Section: Features

Kenyon Photography Club sees campus through a new lens

Kenyon Photography Club sees campus through a new lens


The world of photography looks very different than it did a few decades ago. It’s easier to capture visual moments with the camera lens on a phone, making photography more accessible and images a more significant cultural artifact in our lives. Last spring, a small group of passionate students formed a new club on campus, the Kenyon Photography Club (KPC). The community frequently convenes to tell stories through images, reflect on each other’s work and transform the art into something that is social and collaborative for participants.

KPC has recently hosted several interactive events on campus, ranging from “photo walks” on the Gap Trail to workshops taught by club members on the basics of photography. The educational components of these workshops have taught members about the elements of light composition or the way to use a DSLR camera. While the club can be an educational space, it is also an incredibly social one. “We’ve done a couple of fun bonding experiences like flipping through photography books and sharing our passions for photography,” Dasha Aminia ’25, KPC events coordinator, said. 

In early Nov. 2022, the club hosted an event at a historic farmhouse that transformed an indoor space into an inversion of the outdoors. A camera obscura workshop, in collaboration with Visiting Assistant Professor of Studio Art Charlotte Woolf, taught participants how to use a pinhole camera in a pitch-black room to create the illusion of being inside of a camera. Participants used a camera to reflect an image of the outdoor environment on a wall inside the farmhouse: “We went to the Hall Farm and went to the attic and totally blacked out the room except for one little hole in the window, and then the outside projected onto the wall, which was really cool,” KPC Vice President Jake Corcoran ’23 said.

According to KPC Social Media Manager Rida Zaneb ’25, the club aims to encourage Kenyon students to pursue their interest in photography in a collaborative way. “The goal is to somehow make people think of photography as a hobby worth pursuing and something that they can dedicate their time to at Kenyon,” she said, “and as something that we can create opportunities for them to pursue in a more fun and social and collaborative way.”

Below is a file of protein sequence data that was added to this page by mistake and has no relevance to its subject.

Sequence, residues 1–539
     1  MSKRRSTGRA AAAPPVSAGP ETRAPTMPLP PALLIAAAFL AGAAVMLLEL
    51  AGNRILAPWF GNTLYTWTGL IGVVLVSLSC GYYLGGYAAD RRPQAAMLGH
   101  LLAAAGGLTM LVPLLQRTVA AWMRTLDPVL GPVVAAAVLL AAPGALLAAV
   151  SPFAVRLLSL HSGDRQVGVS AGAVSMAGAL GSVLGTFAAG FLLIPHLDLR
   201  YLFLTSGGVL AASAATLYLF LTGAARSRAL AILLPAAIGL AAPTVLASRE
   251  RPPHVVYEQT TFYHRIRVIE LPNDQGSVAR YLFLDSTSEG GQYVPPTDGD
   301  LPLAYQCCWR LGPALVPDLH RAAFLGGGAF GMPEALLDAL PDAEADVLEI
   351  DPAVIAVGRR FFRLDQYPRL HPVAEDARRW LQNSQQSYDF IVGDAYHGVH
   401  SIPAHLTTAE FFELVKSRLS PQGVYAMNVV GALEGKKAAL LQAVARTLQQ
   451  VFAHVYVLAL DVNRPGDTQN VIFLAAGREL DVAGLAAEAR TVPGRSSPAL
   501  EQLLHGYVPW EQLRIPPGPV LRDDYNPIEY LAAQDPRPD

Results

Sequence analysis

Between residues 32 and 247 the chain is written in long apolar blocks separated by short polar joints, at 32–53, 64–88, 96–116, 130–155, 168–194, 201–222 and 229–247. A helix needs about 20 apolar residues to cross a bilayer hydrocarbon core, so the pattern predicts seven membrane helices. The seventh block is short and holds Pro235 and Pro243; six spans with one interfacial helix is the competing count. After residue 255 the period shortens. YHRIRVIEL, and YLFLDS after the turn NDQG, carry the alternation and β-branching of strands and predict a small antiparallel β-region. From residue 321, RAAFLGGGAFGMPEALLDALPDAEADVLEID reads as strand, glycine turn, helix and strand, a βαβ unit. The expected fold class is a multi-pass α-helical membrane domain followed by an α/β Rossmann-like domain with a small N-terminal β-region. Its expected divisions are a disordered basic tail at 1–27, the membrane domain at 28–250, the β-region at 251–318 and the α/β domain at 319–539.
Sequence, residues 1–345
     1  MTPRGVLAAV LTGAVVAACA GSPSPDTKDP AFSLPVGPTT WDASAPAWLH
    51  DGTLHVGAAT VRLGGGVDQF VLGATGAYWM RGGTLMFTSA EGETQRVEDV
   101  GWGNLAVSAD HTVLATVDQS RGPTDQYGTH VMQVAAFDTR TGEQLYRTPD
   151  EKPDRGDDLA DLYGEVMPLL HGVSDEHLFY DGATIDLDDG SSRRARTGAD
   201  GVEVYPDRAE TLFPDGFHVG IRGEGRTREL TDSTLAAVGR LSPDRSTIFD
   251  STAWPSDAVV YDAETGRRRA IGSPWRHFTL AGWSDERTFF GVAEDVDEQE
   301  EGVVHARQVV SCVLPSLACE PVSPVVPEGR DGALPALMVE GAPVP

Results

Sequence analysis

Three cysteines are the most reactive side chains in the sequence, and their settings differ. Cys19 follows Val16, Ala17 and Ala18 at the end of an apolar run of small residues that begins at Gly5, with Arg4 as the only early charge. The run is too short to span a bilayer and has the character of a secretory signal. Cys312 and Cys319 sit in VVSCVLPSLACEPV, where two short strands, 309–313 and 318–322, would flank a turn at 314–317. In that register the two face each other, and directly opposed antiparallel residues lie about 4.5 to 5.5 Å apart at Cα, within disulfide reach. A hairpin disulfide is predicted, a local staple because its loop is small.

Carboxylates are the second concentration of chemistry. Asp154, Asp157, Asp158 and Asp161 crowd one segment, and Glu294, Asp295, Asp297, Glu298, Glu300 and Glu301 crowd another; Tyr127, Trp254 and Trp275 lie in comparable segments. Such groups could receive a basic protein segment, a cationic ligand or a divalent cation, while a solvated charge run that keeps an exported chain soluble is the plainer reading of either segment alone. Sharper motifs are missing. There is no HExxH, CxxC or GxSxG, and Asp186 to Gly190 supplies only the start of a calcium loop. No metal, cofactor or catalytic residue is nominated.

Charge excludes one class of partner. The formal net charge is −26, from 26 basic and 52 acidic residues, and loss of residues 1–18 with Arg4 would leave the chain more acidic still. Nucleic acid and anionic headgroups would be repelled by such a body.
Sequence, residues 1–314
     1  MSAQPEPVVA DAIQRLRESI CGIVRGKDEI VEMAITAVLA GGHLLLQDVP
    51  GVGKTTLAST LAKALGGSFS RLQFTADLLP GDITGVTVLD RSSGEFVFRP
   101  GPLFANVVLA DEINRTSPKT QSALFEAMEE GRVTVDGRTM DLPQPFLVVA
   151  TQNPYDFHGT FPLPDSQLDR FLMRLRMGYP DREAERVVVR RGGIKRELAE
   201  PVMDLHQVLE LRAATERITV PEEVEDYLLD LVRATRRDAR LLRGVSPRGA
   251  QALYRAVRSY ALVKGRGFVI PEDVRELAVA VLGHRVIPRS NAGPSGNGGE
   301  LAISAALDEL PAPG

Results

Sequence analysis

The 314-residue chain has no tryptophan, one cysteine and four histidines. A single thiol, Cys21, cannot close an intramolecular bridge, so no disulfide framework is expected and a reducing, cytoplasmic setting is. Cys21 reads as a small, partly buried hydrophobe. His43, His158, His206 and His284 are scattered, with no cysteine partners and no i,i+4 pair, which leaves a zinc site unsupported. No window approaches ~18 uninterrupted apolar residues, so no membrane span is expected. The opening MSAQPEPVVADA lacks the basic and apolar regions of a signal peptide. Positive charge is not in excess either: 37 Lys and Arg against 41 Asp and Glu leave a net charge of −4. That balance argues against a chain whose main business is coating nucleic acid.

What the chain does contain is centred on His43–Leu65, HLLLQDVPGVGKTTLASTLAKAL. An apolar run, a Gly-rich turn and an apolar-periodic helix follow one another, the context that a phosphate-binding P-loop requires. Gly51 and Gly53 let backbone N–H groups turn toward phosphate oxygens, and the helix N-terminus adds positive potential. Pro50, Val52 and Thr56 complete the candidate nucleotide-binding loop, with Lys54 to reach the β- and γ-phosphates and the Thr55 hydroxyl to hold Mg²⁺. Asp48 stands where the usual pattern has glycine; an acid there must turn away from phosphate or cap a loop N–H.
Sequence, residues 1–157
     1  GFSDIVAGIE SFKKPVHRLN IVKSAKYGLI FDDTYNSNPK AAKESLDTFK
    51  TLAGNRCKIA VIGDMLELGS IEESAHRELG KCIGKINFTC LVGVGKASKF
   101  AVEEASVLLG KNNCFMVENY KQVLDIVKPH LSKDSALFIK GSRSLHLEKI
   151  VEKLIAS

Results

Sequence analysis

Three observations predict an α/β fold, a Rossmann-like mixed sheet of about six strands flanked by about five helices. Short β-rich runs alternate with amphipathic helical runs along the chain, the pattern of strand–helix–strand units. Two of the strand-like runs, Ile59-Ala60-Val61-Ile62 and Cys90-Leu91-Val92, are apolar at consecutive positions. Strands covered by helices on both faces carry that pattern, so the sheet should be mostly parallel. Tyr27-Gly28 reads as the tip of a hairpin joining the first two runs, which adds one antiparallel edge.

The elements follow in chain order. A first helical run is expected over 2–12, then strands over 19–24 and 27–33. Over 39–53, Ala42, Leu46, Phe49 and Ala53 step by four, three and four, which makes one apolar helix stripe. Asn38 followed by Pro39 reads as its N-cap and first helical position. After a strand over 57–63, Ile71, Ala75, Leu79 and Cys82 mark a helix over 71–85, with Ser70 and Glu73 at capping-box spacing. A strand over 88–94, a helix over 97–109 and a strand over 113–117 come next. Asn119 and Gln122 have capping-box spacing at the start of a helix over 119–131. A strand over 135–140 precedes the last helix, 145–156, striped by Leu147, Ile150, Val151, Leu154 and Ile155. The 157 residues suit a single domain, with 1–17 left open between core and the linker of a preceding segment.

If students are looking to explore the arts for the first time, Corcoran said that photography is a great place to start before branching out to other mediums. “Photography is a good entryway into other fine arts. It’s like an easier entry level thing to understand,” he said. Prospective club members do not need to have any prior photography experience in order to join. “Everyone can be a photographer through the lenses we carry,” Aminia said. In fact, club members don’t even need to bring their own equipment in order to participate. 

Zaneb wants students to know that KPC is a safe place to learn about photography. “It’s Kenyon. There’s so much going on. But this is a really cool little thing that we started and it’s really new, and I think people should just give it a chance, come see what’s going on and maybe they’ll find something that they really like,” Zaneb said. “Photography is something that’s just so universal right now, because everybody has a camera. Everybody can do it.”

In their future meetings, KPC plans to host workshops, watch cinematic films and create a Valentine’s Day project for the upcoming holiday.

Students who are interested in sharing their photos with the Kenyon community are encouraged to submit their photos to be featured on KPC’s Instagram account, @kenyonphotographyclub.


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